The Indian Navy’s requirements to counter the growing presence of an adventurist and belligerent maritime China also demand urgent and higher volumes of budgetary allocation. The navy needs fighters for its new aircraft carrier and is lagging behind in the induction of submarines. It hopes to sign a contract for six submarines under Project-75I and another for the acquisition of 27 Rafale-M (the marine version of the Rafale). The army, facing China in its new transgressive mood, needs light tanks and artillery guns in addition to its normal deployment. The modest increase in capital allocation does not match with the figures required to meet these needs.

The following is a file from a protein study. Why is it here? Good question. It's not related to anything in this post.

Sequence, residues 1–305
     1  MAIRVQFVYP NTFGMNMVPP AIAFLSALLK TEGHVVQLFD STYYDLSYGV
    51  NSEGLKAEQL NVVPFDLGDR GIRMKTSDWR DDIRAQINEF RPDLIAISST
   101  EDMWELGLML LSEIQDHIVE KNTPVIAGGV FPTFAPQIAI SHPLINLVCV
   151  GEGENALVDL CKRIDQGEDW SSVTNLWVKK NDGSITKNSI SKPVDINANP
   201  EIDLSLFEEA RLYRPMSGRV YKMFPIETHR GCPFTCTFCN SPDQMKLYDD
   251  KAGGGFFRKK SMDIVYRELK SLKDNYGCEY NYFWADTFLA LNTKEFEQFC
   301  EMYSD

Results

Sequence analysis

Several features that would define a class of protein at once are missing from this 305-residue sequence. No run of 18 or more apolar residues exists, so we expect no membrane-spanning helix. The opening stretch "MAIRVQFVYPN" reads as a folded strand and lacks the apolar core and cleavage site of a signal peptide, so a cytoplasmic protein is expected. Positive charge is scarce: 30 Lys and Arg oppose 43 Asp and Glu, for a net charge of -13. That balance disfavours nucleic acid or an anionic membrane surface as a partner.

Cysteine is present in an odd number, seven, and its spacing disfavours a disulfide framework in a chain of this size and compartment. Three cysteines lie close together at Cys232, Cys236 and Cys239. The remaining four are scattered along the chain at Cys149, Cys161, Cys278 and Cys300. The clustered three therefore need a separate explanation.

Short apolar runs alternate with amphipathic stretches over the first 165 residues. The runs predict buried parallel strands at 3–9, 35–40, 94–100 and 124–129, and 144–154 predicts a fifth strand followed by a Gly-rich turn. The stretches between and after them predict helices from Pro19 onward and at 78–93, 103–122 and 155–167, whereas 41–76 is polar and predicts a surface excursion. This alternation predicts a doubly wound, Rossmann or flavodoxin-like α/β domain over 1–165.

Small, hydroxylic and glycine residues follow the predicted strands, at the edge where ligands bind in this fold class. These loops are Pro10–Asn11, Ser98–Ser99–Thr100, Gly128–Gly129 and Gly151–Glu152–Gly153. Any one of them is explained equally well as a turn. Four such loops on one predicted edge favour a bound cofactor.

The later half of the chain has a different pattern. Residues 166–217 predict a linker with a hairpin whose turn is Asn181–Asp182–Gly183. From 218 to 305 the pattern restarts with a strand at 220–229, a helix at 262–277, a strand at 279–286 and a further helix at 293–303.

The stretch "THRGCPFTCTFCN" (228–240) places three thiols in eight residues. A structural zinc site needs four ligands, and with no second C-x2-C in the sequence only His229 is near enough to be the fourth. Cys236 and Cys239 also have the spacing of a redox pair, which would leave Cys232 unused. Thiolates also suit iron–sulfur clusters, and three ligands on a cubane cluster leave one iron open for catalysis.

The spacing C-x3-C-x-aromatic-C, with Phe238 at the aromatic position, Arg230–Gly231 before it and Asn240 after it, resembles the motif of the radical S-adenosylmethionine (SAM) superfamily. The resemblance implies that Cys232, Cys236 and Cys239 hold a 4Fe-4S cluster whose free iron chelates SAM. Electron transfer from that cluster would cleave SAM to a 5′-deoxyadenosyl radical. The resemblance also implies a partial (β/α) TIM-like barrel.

R&D for technological innovation for defence forces has been given some (but not adequate) attention and an allocation of Rs 23,264 crore has been made to the Defence Research and Development Organisation (DRDO). In addition, the Innovations for Defence Excellence scheme has been allotted Rs 116 crore (a hike of 93 per cent over last year) and Rs 45 crore for Defence Testing Infrastructure Scheme, these figures are almost double of the previous year’s allocation and will contribute to technology development and support the domestic defence industrial ecosystem. However, given the fact that India is lagging behind the leading edge of many defence and aerospace technologies (aero engines, metallurgy, radars, avionics, stealth et al), the R&D allocation could have been more generous, and its beneficiaries could have included private entities under special arrangements. The fact that the increase is just around 9 per cent from the previous year is a cause for concern and is certainly not in sync with the constant harping on Make in India and Aatmanirbhar which, if they are to be consummated in aerospace and defence sectors, would need a huge increase in R&D endeavours and investment.